BENGALURU/PARIS: Air India unveiled deals on Tuesday for a record 470 jets from Airbus and Boeing, accelerating the rebirth of a national emblem under new owners Tata Group as Europe and the United States hailed deepening economic and political ties with New Delhi.
The provisional deals include 220 planes from Boeing (BA.N) and 250 from Airbus (AIR.PA) and eclipse previous records for a single airline as Air India vies with domestic giant IndiGo to serve what will soon be the world’s largest population.
U.S. President Joe Biden called the agreement “historic” and discussed it by telephone with Indian Prime Minister Narendra Modi – part of a flurry of high-level reactions as the scale of India’s needs provided a rare bonanza for both competing plane giants in an industry where the winner usually takes all.
The Airbus order includes 210 A320neo narrowbody planes and 40 A350 widebody aircraft, which Air India will use to fly “ultra-long routes”, Tata Chairman N Chandrasekaran said.
Boeing will supply 190 737 MAX, 20 of its 787 Dreamliners and 10 mini-jumbo 777X.
Together with another 25 Airbus jets to be leased, the overall acquisition reaches 495 jets, an Airbus executive said.
Reuters exclusively reported in December that Air India was nearing record airplane orders approaching 500 jets.
Shares in Boeing rose 1.3% and Airbus rose 0.3%.
The airline’s renaissance under the Tata conglomerate aims to capitalise on India’s growing base of fliers and large diaspora across the world.
New CEO Campbell Wilson is working to revive its reputation as a world-class airline and shake off its image as a tardy, run-down operation with an ageing fleet and poor service.
Indian and French leaders highlighted the political and economic importance of a deal involving the national airline.
“This important deal shows, along with the deepening of relations between India and France, the successes and aspirations of the civil aviation sector in India,” Modi said during a video ceremony with French President Emmanuel Macron.
“This achievement shows that Airbus and all its French partners are fully dedicated to develop new areas of dedication with India,” Macron said.
The aviation deal is expected to have industrial spin-offs, with Macron pledging co-operation in other sectors.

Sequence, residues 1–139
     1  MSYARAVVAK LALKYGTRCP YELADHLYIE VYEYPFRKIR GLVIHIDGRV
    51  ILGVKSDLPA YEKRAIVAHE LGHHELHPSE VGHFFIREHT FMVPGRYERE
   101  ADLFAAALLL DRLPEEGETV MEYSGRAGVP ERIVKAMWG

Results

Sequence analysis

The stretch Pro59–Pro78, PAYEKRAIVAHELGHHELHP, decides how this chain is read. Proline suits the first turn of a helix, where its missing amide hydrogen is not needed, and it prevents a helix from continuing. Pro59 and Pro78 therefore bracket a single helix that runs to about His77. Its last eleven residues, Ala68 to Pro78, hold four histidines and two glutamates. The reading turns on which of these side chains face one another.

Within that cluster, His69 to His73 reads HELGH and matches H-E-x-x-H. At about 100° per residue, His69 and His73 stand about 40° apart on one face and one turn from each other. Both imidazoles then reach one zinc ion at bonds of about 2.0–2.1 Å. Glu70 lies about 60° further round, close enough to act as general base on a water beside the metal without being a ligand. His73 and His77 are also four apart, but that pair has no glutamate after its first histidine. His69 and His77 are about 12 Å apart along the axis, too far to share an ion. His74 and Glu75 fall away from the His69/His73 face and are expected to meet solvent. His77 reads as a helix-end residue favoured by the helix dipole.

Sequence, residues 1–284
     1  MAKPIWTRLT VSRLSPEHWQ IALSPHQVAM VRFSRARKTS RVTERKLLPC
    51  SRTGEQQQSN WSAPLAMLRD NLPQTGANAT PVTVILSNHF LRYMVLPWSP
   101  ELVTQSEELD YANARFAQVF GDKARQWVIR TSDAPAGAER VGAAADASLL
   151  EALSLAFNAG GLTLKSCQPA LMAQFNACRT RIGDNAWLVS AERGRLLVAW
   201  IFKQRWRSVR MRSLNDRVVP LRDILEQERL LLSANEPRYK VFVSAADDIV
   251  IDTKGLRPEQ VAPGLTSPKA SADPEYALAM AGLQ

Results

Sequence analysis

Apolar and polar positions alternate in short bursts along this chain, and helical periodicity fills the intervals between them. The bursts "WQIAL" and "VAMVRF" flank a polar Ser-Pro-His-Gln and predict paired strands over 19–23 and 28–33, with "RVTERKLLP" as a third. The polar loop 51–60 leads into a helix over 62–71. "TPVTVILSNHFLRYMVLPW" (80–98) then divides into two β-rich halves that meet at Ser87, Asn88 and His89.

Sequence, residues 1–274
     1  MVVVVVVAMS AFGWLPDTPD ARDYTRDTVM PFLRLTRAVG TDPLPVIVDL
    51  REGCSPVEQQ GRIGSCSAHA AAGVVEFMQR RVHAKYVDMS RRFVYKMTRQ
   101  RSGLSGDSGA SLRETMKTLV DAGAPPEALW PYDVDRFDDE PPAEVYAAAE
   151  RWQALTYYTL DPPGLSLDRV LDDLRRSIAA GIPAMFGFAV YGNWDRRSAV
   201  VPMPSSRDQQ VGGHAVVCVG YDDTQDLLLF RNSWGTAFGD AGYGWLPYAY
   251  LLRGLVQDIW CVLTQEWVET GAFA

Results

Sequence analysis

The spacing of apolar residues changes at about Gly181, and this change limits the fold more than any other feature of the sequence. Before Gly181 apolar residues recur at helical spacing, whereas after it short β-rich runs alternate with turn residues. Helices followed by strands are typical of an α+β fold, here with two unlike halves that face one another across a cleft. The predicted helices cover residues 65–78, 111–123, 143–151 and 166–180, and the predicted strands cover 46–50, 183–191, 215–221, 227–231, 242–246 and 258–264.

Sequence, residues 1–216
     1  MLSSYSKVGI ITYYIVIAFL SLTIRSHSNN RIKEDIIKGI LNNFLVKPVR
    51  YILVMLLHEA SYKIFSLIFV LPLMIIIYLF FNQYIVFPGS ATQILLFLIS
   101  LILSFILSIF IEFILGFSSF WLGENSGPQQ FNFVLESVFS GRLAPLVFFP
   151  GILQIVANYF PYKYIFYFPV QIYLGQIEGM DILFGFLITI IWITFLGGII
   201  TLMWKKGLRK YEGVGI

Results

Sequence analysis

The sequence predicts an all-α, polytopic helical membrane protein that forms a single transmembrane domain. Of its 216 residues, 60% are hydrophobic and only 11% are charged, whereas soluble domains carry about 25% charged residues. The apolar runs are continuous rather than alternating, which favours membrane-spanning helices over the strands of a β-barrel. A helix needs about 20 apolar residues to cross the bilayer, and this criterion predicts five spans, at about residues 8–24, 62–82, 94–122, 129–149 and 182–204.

Chandrasekaran said Airbus and Tata were working on bigger partnerships, including an ambition “to bring in commercial aircraft manufacturing at some point in time in the future”.
Industry sources say India has repeatedly lobbied for Airbus to add a final assembly line in the country, matching a plant in northern China, but that the planemaker has so far rejected the idea on financial and industrial grounds.
INDIA’S GROWING INFLUENCE
Air India’s order tops American Airlines’ (AAL.O) combined deal for 460 Airbus and Boeing planes more than a decade ago.
The first aircraft to arrive will be 25 brand-new Boeing 737 MAX planes and six Airbus A350s in the second half of 2023, with deliveries really ramping up in 2025 and beyond.
Even after significant expected discounts, the deal is worth tens of billions of dollars at a volatile time for plane giants whose jets are again in demand after the pandemic, but who face mounting industrial and environmental pressures.
“It is important for the industry because given the recent turbulence in the China market, the alternative growth market is India,” said independent aviation adviser Bertrand Grabowski.
“India is also sending a strong political signal that it wants to remain attached to the West at a time when it has appeared ambiguous on Russian sanctions,” said Grabowski, a former banker with extensive experience of international deals.
The deal includes a major win for engine maker CFM International, a joint venture between General Electric (GE.N) and France’s Safran (SAF.PA). It has been selected to power 210 Airbus narrowbody jets ahead of rival Pratt & Whitney (RTX.N), while bigger jets will be powered by GE or Britain’s Rolls-Royce (RR.L).
British Prime Minister Rishi Sunak said the deal would create new jobs.
“Besides this deal being of unprecedented size, it was also incredibly complex,” Wilson said in a note to employees.
Air India, with its maharajah mascot, was once known for its lavishly decorated planes and stellar service but its reputation declined in the mid-2000s as financial troubles mounted.
The record order aims to put Air India in the league of large global airlines and make it an influential customer for planemakers and suppliers at a time when its home market is seeing a strong post-COVID-19 travel surge.
It reflects a strategy to recapture a solid share of trips between India’s diaspora and cities such as New Delhi and Mumbai that are currently dominated by foreign rivals such as Emirates.
It will also put Air India on a stronger footing to compete with domestic rival IndiGo (INGL.NS), which has a majority share of the Indian market and a strong position in regional flights.